Our research is clear, Disk Drill offers great utility for users who not only want effectiveness from their data recovery program but also want simplicity and quickness.
However, along with that, our opinion is that it might not offer true geeks the depth that they crave so much.
- Easy resume and pause process
- The overall user interface is fairly friendly even for new users.
- Scanning times are fast.
- Filetype selection user interface is unintuitive.
- Depending on the file, recovery results are mixed.
- Lack of settings/preferences to select from
- Contact options are limited
Disk Drill full review
As far as data recovery applications are concerned, we do not think there is any other that is older than Disk Drill.
It has been operating in the game for a long time now.
The most reliable sources claim that the application has served the market in one form or another since the early part of 2010.
However, the simple fact that an application is old or has experience does not mean that it automatically does a better job than all others in the same field.
So let’s take a look at how Disk Drill performs when compared to rest of the data recovery software competition.
User experience and installation
Our research shows that installing the official Disk Drill application on one’s computer machine should not take a long time.
In fact, users would probably find the whole process painless and quick.
More specifically, it should not take longer than three minutes or so from the time the user downloads the application via the official CleverFiles site till the user activates the software and readies it for the application’s very first scan.
As far as the actual user interface goes, our research shows that Disk Drill offers users some of the most modern-looking user interfaces that one is likely to see in the data recovery application industry.
On the other hand, the application does tend to suffer from probably the very same problem that lots of other data recovery programs, such as EaseUS, and that problem is that of offering a minimal designed that ends up being just too minimal when it comes to the average online consumer.
Users who want to designate the type of files that they want to search for on their first scans may find that rather than placing all the options somewhere in the front where they are obvious, they might have to dig in deep into a preferences menu that is already fairly limited, to begin with.
From there they can get more information on how to scan only by filetype.
There is also the problem of the application not letting users filter their filetype by simply typing their required filetype.
The application expects the user to select the file type individually via a tree system that is unintuitive and generally offers users more trouble than the app is truly worth for some.
- RAW drive recovery
- supports over 300 file types which include some of the most commonly found compressed files such as ISO, RAR, and ZIP.
- Supports platforms such as Android, iOS, OSX, and Windows
- Can recover files from file systems such as NTFS, HFS+, ext3, ext2, ExFAT, FAT32, FAT16 and, of course, FAT12.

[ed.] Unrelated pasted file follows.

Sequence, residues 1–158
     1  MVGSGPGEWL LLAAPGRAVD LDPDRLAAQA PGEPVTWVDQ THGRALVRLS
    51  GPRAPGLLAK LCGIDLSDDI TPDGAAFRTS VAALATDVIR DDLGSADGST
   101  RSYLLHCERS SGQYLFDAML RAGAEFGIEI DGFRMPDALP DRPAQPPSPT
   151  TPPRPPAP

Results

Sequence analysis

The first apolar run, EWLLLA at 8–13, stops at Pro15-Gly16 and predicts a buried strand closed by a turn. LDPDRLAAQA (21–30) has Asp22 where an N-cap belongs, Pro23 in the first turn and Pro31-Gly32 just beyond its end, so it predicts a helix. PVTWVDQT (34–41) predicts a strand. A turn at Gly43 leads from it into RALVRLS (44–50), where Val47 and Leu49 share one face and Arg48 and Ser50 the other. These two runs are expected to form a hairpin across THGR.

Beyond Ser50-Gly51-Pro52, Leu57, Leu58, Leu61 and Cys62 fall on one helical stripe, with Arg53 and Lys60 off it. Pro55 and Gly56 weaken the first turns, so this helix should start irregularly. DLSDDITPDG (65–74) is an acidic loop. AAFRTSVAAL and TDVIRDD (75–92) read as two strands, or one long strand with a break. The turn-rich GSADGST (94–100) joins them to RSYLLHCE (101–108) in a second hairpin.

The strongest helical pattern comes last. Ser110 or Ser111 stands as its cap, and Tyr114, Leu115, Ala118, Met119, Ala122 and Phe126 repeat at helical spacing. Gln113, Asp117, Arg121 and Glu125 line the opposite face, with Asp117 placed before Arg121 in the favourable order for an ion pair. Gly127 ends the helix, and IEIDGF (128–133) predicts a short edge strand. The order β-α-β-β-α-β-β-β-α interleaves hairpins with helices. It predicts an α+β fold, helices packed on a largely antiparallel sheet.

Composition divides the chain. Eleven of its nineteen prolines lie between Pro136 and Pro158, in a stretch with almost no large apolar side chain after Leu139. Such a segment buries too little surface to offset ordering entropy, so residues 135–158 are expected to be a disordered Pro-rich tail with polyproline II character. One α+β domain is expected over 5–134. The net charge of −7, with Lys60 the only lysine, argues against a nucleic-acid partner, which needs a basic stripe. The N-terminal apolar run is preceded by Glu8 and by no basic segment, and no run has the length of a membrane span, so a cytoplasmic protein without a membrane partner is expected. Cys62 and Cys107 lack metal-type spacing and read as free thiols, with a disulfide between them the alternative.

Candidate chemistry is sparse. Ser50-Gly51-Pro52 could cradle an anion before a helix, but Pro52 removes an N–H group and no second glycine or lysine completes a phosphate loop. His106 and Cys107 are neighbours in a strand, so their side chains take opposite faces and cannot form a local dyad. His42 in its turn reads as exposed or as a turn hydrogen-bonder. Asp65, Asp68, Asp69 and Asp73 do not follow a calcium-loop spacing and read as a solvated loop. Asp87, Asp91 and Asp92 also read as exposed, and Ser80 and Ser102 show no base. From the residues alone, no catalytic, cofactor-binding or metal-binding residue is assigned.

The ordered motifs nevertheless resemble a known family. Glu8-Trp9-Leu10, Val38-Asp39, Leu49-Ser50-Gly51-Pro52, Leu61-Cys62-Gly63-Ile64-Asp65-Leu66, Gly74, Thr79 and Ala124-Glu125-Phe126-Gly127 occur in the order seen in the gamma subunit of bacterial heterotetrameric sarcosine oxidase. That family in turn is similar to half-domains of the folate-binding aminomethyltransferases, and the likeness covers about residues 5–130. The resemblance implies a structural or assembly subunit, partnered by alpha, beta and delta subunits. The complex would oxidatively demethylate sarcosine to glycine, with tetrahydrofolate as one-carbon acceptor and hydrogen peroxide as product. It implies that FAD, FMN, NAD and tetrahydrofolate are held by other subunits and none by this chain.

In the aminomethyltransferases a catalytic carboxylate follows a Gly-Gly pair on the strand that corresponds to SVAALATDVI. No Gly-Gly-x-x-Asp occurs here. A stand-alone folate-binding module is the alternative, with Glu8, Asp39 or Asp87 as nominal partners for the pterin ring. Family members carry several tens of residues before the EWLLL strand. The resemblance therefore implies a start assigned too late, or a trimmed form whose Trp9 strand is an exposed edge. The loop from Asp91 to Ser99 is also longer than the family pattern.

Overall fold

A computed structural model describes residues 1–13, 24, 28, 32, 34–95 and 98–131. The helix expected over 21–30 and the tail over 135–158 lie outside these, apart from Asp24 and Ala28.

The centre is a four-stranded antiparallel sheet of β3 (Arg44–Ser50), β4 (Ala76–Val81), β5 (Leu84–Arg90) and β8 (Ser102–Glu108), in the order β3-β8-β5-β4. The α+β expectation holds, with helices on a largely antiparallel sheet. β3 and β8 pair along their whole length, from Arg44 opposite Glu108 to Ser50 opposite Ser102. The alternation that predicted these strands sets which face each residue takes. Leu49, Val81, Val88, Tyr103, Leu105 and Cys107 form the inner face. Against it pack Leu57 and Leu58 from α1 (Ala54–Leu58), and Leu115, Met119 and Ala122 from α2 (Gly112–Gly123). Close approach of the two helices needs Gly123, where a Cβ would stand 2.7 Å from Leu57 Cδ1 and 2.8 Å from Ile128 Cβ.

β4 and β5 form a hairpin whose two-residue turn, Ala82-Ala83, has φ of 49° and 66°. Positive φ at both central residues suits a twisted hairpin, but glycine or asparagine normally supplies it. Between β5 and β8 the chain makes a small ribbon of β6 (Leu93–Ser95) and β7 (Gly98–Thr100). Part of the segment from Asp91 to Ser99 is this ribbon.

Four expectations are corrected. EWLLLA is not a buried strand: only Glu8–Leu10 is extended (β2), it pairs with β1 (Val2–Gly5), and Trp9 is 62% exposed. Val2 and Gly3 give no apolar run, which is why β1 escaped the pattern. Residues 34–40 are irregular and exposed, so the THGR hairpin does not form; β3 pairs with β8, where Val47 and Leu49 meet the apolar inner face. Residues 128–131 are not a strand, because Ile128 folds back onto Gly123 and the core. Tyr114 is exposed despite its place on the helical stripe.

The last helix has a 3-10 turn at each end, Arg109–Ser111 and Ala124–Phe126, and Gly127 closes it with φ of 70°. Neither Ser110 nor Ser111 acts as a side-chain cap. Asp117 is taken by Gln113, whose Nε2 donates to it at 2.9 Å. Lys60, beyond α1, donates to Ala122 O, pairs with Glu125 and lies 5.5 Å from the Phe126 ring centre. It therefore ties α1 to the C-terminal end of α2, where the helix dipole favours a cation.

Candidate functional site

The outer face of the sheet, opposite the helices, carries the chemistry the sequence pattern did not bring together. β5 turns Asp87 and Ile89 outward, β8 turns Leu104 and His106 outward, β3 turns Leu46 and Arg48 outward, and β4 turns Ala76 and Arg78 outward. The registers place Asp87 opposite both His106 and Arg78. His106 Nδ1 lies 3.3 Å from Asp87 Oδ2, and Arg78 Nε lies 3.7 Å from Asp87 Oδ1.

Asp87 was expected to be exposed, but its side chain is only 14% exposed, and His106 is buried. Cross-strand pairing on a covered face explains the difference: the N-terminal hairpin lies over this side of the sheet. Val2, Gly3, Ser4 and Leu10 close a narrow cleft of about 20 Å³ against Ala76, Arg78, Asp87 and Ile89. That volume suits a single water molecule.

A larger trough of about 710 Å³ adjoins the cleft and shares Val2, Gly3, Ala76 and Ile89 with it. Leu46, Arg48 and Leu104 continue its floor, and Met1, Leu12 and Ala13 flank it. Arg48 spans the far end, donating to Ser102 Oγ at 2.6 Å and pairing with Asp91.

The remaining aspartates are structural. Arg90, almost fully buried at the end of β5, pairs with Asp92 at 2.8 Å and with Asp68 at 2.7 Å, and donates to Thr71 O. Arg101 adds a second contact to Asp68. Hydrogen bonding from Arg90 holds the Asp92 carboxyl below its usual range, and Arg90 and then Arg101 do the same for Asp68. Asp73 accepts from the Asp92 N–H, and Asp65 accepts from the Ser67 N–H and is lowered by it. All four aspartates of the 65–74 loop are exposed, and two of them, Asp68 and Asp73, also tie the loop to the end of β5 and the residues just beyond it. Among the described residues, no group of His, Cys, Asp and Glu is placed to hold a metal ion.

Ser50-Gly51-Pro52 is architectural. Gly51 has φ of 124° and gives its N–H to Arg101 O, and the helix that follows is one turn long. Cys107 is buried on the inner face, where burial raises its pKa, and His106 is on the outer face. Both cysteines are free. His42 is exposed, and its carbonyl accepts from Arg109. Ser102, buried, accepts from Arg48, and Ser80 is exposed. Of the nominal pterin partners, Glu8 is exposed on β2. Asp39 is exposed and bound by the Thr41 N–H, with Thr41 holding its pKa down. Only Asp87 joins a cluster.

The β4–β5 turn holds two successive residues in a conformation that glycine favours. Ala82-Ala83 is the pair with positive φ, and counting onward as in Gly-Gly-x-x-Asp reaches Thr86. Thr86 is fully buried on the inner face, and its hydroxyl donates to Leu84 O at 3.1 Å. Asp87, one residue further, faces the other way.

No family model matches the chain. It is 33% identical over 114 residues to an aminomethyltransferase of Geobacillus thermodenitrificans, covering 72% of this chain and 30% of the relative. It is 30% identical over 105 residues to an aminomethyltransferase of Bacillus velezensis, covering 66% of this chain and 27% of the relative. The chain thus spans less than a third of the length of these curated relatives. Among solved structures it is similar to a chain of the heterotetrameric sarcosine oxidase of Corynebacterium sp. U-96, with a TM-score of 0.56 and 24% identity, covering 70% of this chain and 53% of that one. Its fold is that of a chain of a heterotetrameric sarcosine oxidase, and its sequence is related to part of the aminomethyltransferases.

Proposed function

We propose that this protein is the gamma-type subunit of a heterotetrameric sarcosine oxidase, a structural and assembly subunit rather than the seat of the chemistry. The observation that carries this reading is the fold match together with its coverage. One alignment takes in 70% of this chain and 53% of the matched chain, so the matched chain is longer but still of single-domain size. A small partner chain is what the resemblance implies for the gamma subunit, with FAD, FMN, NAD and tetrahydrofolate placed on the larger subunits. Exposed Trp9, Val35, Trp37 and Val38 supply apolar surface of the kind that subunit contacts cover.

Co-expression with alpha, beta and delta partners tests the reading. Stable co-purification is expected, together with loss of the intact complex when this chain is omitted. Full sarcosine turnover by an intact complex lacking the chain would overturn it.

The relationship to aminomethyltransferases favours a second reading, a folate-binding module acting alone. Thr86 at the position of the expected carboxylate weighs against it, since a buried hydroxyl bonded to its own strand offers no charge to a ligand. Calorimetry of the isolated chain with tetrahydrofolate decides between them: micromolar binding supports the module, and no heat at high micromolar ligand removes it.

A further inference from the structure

One other notable addition to the official Disk Drill list of features is the feature of Recovery Vault.
It is actually a data protection utility.
The way it works is that it runs a particular service as a background process on the user’s machine.
After that, the Recovery Vault actively runs a monitor function, of sorts, on the user’s hard drive to look for any file deletions and/or changes.
Then, it moves ahead to save the related metadata of all the files that it has found and finds in the future.
It does that so if the user ever has a need to recover such files at some point in the future, the monitor is able to make sure that Disk Drill would have a pretty much 100 percent success rate throughout the duration of the reconstruction process.
What about performance?
Our research shows that perhaps the best way to test the data recovery capabilities of Disk Drill Pro is to store and then delete a total of five different types of files on the system.
These usually come in the form of films which have the extension,
This is usually enough to see how a given data recovery program would go about recovering data from a given,
- USB flash drive
Our research shows that if the user has a fairly modern machine with specs close to,
- 1T HDD Seagate at 7200 RPM
- Intel Core seven generation i7-7700K at 4.2 GHz processor with overclocking ability at 5.1 GHz with liquid cooling
- 16GB of RAM DDR4 at 3000MHz
- 256GB m.2 SSD
- NVIDIA GTX 1070 GPU
On such a test system, the user should not notice any kind of impact on his/her system even if he/she goes about running the offered deep scan feature.
Moreover, users should expect Disk Drill to only make use of 10 percent of their CPU at the maximum along with 1 percent of RAM and 117.5 MB/s on the HDD while it is scanning the machine.
With that said, we’re not entirely sure exactly why it has the strange behavior of attributing the increased hard disk activity to the user’s System application account rather than Disk Drill.
But maybe that is the fault of the operating system and not of the product itself.
Our research also shows that Disk Drill is a bit of a mixed baggage when it comes to results.
In other words, it does have the tendency to jumble up video and image files during the recovery period.
There is no doubt about the fact that Disk Drill has enough quality to make sure that files such as .zip and .exe have everything that they need in order to make it out of the recovery process with 100 percent health.